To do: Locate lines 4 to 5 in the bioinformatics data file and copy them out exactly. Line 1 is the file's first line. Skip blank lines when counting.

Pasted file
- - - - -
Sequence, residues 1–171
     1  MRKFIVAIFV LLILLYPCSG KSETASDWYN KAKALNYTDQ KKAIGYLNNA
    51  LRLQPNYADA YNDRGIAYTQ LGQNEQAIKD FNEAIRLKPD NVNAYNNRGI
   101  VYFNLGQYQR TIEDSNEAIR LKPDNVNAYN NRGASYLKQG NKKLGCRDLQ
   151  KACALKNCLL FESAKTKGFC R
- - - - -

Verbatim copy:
   101  VYFNLGQYQR TIEDSNEAIR LKPDNVNAYN NRGASYLKQG NKKLGCRDLQ
   151  KACALKNCLL FESAKTKGFC R